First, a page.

People ousted by Salwa Judum return to Chhattisgarh

Photo credit: Aman Bhadouriya

Away from the limelight, 28 tribal families — the first group of “internally displaced people” — have returned to their ancestral village at Maraiguda in Sukma district of Chhattisgarh on Thursday after more than a decade.

Branded as Maoist sympathisers, they fled from their homes following the 2005 Salwa Judum movement, in which the Chhattishgarh government gave a tacit encouragement to common people to pick up arms against Maoists and those who were believed to be their friends.

“The people who returned from Andhra Pradesh are originally from Chhattishgarh. Once they settle down, the administration will take the necessary steps to provide them with ration cards and make provisions for rural job scheme (MGNREGA). Their entitlements and rights will be taken care of,” Sukma collector Chandan Kumar told DH over the telephone.

Nearly 130 people from 29 tribal families lived at a tiny village in the East Godavari district of Andhra Pradesh. They ran away after their houses were burnt and relatives were harmed.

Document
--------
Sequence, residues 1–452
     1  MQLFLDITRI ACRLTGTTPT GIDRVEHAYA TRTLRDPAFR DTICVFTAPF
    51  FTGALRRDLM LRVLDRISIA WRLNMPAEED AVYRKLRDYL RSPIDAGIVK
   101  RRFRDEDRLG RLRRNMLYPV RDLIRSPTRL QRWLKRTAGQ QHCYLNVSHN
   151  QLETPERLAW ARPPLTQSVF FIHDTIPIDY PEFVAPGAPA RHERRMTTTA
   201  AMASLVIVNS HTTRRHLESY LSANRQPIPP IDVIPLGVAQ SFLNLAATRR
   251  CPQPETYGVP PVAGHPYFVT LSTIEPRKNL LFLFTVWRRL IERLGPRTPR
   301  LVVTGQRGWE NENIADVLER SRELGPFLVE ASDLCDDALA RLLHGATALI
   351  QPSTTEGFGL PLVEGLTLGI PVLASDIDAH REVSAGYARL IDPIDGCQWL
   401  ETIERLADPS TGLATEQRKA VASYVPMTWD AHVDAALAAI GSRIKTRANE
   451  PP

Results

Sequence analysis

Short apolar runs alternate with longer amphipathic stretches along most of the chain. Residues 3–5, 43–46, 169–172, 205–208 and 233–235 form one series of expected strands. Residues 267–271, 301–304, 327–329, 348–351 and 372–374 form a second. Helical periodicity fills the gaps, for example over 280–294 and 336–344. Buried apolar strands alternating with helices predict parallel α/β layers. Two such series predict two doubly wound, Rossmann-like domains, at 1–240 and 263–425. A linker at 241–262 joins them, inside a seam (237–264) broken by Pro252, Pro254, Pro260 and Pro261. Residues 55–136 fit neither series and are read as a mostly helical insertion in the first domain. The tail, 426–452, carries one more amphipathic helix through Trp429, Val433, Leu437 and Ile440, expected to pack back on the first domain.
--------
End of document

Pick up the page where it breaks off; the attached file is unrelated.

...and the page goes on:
“Around 16,000 people from 5,000 families migrated to Andhra Pradesh (and later Telangana) after 2005 when violence increased in Chhattishgarh. Those internally displaced people live a life worse than almost everyone. In Andhra and Telangana, they are outsiders staying on encroached land whereas, in Chhattisgarh, there is a fair chance for many of them to get land rights under the Forest Rights Act,” said activist Subhranshu Choudhary, who is associated with several peace initiatives in the Bastar region.

Choudhary and his colleagues first met the displaced people last October in Telangana. Later when a 300-km cycle rally for peace was conducted between Jagdalpur and Raipur in February-March, close to 50 persons from such families joined the rally expressing their interest to return.

There are as many as 286 such settlements in Andhra Pradesh and Telangana. “In March, forest officers asked all the 25 IDP families to leave the village at Bhadradi Kotadudem district. A month before a similar exercise was carried out with police forces, in which houses of 58 IDP families were destroyed. We hear such exercises will increase in the days to come,” he said.

Efforts to bring back the sons of the soil began after the new Congress government assumed charge in December 2018. Both officials and unofficial channels were engaged.

“Many prefer not to go back to their original villages located 50-70 km from the highway. For them we talk to the administration to find out alternate sites closer to the highway,” explained Choudhary.

Kumar said he informed the police administration and CRPF about the return of the IDPs. “They are on alert,” he added.

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